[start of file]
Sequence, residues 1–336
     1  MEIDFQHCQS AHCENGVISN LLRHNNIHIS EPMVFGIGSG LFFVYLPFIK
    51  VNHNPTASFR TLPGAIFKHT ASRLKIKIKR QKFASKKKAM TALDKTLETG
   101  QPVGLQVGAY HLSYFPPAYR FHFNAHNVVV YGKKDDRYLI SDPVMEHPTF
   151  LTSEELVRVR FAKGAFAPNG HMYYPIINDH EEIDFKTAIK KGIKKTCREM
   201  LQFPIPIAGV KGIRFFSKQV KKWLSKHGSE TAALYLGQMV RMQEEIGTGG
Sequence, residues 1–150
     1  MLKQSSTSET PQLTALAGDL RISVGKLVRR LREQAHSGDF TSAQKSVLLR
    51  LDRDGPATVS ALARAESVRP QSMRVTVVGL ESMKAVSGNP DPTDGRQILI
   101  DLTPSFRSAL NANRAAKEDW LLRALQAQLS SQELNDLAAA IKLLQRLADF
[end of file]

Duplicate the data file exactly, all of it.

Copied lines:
Sequence, residues 1–336
     1  MEIDFQHCQS AHCENGVISN LLRHNNIHIS EPMVFGIGSG LFFVYLPFIK
    51  VNHNPTASFR TLPGAIFKHT ASRLKIKIKR QKFASKKKAM TALDKTLETG
   101  QPVGLQVGAY HLSYFPPAYR FHFNAHNVVV YGKKDDRYLI SDPVMEHPTF
   151  LTSEELVRVR FAKGAFAPNG HMYYPIINDH EEIDFKTAIK KGIKKTCREM
   201  LQFPIPIAGV KGIRFFSKQV KKWLSKHGSE TAALYLGQMV RMQEEIGTGG
Sequence, residues 1–150
     1  MLKQSSTSET PQLTALAGDL RISVGKLVRR LREQAHSGDF TSAQKSVLLR
    51  LDRDGPATVS ALARAESVRP QSMRVTVVGL ESMKAVSGNP DPTDGRQILI
   101  DLTPSFRSAL NANRAAKEDW LLRALQAQLS SQELNDLAAA IKLLQRLADF